Living the High Life: A summary of recent changes to body corporate arrangements nationally
Modernised Acts and regulations across three jurisdictions will affect body corporates.
Changes to legislation that impact on various aspects of body corporates (also known as owners corporations and strata companies) have recently been introduced in Queensland, Western Australia and the Australian Capital Territory.
These changes, which are summarised below, are important for developers, strata managers and property investors depending on the State or Territory in which you operate.
Queensland – Modernising regulations and protecting owners
The Queensland Government recently passed amendments to the Body Corporate and Community Management Regulation Modules to modernise body corporate regulations and improve protection for owners.
The new amendments come into effect on 1 March 2021 and are intended to reduce costs and formally accommodate common modern practices like online voting and electronic attendances at meetings.
The following is a brief summary of some notable changes to the Regulation Modules.
- Schemes with 3 or more lots and no more than 3 owners may now elect a committee outside of an annual general meeting.
- Committee elections may be by secret ballot or open ballot, and may be carried out by electronic voting.
- Lot owners may submit motions for consideration at committee meetings.
- Lot owners who want to attend committee meetings may appoint a representative to do so on their behalf.
- If a voting committee member owes a body corporate debt, they will be ineligible to vote at the committee meeting (or voting outside committee meetings) in their own right or as a proxy for another voting member.
- Committees have 21 days to vote on a motion submitted for an outside of committee meeting.
- Lot owners may submit motions for the first annual general meeting.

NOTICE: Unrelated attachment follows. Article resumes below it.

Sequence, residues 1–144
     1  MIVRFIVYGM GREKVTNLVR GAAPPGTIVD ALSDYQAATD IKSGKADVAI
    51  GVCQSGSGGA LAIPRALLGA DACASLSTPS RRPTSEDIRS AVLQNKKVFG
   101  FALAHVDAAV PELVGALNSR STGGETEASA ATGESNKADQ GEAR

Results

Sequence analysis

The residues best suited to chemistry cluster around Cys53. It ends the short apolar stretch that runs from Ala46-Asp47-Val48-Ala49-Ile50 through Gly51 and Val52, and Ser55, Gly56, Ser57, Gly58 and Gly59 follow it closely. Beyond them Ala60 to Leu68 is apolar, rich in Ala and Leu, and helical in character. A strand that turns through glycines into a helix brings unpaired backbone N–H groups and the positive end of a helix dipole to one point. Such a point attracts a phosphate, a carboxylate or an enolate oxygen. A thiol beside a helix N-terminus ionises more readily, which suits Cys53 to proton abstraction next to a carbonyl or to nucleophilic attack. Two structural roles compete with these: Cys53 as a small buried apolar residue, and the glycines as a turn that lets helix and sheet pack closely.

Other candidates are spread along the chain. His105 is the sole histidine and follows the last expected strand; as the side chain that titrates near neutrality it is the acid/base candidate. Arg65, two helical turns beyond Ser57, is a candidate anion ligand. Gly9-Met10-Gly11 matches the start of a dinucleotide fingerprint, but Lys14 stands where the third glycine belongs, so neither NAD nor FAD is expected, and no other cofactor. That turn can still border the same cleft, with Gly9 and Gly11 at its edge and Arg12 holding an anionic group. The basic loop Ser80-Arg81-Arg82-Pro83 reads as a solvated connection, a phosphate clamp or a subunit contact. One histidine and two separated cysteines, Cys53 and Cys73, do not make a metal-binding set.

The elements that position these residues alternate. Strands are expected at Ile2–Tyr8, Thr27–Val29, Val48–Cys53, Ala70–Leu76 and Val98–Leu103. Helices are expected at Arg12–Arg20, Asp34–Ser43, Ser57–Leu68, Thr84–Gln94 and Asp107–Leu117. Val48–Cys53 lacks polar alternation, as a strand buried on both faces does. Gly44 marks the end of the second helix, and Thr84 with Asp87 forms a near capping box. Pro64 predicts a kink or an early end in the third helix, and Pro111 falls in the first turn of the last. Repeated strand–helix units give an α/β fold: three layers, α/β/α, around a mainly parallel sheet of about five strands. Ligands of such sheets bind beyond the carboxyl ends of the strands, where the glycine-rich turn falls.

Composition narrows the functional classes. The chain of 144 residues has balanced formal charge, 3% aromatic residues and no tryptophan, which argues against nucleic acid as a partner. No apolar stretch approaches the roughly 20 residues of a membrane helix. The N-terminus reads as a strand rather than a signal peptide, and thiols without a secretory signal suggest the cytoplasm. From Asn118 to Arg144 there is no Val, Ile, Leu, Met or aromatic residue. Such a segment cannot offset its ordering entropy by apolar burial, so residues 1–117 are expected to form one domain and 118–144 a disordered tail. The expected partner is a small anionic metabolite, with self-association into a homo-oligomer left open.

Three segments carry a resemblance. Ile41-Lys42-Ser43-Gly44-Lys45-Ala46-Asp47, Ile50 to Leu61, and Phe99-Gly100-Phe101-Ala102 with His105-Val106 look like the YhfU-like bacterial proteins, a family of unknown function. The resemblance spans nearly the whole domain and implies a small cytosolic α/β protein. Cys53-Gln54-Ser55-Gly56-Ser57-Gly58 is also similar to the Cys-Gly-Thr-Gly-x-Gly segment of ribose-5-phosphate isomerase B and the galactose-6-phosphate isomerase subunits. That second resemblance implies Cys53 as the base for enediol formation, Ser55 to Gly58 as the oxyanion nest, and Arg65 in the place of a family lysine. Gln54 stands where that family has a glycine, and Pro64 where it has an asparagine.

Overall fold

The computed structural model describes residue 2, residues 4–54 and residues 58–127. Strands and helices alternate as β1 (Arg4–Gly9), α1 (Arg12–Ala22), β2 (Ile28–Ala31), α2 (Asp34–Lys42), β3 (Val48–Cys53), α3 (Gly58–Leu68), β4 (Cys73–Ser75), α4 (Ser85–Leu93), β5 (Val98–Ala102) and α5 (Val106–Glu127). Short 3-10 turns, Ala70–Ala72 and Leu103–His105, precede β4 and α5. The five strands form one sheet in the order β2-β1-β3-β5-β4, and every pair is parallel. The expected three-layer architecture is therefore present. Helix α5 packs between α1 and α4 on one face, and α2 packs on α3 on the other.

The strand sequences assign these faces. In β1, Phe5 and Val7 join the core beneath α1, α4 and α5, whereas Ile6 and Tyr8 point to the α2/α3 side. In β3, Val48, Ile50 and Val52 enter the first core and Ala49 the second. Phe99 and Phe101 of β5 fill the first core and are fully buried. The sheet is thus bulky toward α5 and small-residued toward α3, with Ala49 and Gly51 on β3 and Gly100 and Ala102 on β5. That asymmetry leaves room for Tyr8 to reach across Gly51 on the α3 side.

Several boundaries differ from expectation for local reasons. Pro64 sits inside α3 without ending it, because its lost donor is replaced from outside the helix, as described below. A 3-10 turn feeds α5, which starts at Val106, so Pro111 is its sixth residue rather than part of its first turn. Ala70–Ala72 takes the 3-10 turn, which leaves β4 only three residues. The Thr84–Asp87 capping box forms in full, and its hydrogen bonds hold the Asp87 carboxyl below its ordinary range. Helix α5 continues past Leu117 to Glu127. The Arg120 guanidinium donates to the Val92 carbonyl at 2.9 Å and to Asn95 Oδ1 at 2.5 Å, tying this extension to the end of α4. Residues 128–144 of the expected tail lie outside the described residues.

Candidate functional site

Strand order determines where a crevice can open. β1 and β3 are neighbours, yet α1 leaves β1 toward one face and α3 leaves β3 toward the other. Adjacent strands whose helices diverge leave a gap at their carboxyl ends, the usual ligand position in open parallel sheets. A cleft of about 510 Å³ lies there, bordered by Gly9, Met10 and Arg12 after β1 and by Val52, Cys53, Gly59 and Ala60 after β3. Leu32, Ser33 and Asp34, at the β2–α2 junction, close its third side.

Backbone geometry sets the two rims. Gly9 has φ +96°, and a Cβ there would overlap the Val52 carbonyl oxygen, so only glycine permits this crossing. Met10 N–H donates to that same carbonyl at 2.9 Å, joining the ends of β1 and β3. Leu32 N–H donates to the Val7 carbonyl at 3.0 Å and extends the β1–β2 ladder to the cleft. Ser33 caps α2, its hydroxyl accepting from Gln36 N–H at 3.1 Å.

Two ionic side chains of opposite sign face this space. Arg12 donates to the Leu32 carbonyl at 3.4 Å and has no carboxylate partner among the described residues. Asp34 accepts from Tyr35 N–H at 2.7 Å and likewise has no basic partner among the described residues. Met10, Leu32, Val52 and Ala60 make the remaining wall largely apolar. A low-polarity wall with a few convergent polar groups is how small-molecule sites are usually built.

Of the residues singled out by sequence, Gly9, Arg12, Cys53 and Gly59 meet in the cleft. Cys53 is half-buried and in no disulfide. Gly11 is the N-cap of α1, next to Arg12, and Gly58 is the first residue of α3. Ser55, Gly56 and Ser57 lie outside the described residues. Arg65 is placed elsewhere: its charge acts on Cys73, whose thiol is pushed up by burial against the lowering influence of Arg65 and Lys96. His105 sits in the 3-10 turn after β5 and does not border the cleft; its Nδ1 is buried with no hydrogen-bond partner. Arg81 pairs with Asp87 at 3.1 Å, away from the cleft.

- Motions about the same issue must be noted as a group of motions on the voting paper. The motion that receives the most votes in favour will become the body corporate’s decision for the group of same-issue motions.
- Developers are required to hand over documents such as the development approval, building warranties, and others at the first annual general meeting.
- A body corporate can change the number of voters required to calculate a quorum for a general meeting (between 10% and 25% of the number of voters).
- A person may not act as a representative of more than one owner of a lot. Members of the lot owner’s family or the powers of attorney held by the original owner are excluded from this restriction.
- A body corporate must be given notices of significant changes about a lot within 1 month of the change. This applies to changes such as the lot being sold, a lease of more than 6 months is entered into, a letting agent is appointed or terminated, or a mortgagee enters into possession.
ACT – Managing Buildings Better
The ACT Government has recognised the growing mixed use developments sector, introducing the new “Managing Buildings Better” reforms.
The Unit Titles Legislation Amendment Act 2020 (ACT) commenced on 1 November 2020. The key changes are:
- Disclosure statement: introduced a requirement for developers to issue a disclosure statement with the contract for off the plan development sales, including greater detail about the development, the proposed uses, levy contributions and the initial maintenance requirements. Updated statements must be issued for significant changes to the development, giving buyers certain rescission or termination rights.
- Completion time frames: purchasers of units in off the plan developments have 21 days after provision of a copy of the registered units plan to settle
- Voting: certain measures can now pass by special resolution (75% voting in favour) rather than unanimously, proxy votes are now limited and parties involved in the development are now prevented from voting on matters relating to building defects (unless permitted), thus preventing developers who have retained units in the development from blocking any owners corporation action on defects.